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Detection of a fish bone in the cervical esophagus using point-of-care ultrasound

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Background

To our knowledge, the use of point-of-care ultrasound for detecting a fish bone in the cervical esophagus has never previously been reported in the English literature.

Case presentation

We herein report the case of the accidental ingestion of a fish bone which was detected in the cervical esophagus by means of point-of-care ultrasound. A-70-year-old woman presented at the emergency department of our hospital with odynophagia in the neck after eating a slice of grunt (a type of fish) simmered in broth. Prior to this presentation she had already undergone direct laryngoscopy without any fish bone being identified at an otorhinolaryngology clinic. Point-of-care ultrasound was thereafter performed. As a result, a linear and hyperechoic structure was thus identified in the cervical esophagus. The structure did not seem to penetrate the wall of the esophagus. Computed tomography confirmed the same finding without any penetration. An endoscopic examination revealed a fish bone stuck in the cervical esophagus. The bone measured 17 mm in length, and was safely removed under endoscopic guidance. Subsequently the patient demonstrated a good recovery without any complications.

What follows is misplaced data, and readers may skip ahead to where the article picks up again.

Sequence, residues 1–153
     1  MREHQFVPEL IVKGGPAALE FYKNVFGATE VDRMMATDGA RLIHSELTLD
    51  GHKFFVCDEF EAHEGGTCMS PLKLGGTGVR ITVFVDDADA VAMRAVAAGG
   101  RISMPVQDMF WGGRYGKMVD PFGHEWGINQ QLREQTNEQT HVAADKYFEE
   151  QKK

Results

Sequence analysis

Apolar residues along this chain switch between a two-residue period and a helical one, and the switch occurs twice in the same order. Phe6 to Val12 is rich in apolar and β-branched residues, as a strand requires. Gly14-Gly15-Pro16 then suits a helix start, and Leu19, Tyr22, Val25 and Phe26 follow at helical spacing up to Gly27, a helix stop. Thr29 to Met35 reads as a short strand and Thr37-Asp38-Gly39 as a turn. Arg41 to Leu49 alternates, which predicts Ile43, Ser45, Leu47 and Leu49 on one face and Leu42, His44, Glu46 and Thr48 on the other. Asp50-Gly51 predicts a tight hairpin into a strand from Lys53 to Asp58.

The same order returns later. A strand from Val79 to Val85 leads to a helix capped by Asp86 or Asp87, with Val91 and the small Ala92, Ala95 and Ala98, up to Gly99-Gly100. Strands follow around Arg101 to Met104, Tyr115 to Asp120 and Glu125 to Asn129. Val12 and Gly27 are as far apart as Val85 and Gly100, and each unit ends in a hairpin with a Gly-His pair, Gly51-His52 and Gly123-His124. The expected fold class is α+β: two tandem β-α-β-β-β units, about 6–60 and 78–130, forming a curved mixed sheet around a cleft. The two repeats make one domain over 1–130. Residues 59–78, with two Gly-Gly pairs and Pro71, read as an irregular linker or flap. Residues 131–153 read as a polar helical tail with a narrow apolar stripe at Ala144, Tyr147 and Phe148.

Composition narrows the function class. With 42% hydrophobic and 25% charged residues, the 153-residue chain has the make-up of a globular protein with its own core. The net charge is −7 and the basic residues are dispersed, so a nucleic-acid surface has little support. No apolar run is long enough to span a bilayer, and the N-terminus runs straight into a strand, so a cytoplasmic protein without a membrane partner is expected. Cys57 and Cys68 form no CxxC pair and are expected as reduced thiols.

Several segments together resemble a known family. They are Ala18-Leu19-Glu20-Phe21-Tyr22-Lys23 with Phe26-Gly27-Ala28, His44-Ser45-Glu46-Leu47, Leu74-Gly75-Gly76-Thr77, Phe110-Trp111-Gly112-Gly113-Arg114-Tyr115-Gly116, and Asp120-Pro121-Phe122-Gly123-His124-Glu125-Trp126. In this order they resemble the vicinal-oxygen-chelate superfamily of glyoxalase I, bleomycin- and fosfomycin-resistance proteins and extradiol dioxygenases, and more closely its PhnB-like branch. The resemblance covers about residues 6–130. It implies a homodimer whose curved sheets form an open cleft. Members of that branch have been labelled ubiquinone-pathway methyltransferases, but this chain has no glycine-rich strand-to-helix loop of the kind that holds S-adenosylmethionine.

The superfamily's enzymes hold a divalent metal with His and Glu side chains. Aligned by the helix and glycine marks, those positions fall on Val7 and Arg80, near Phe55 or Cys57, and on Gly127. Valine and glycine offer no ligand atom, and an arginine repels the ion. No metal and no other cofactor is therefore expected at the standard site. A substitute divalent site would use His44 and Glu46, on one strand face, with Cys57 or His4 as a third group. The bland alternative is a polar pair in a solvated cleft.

Conclusion

We describe the identification of a fish bone in the cervical esophagus using point-of-care ultrasound. Point-of-care ultrasound may therefore be a useful modality for both detecting the presence of fish bones in the cervical esophagus and also for confirming the existence of any complications.

Informed consent

The study was conducted in accordance with the ethical standards dictated by applicable law. Informed consent was obtained from each owner to enrolment in the study and to the inclusion in this article of information that could potentially lead to their identification.

Author information

Correspondence to T Kameda.

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Open Access This article is distributed under the terms of the Creative Commons Attribution 4.0 International License (https://creativecommons.org/licenses/by/4.0), which permits use, duplication, adaptation, distribution, and reproduction in any medium or format, as long as you give appropriate credit to the original author(s) and the source, provide a link to the Creative Commons license, and indicate if changes were made.

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Keywords

  • Public Health
  • Compute Tomography
  • Informed Consent
  • Emergency Department
  • Emergency Medicine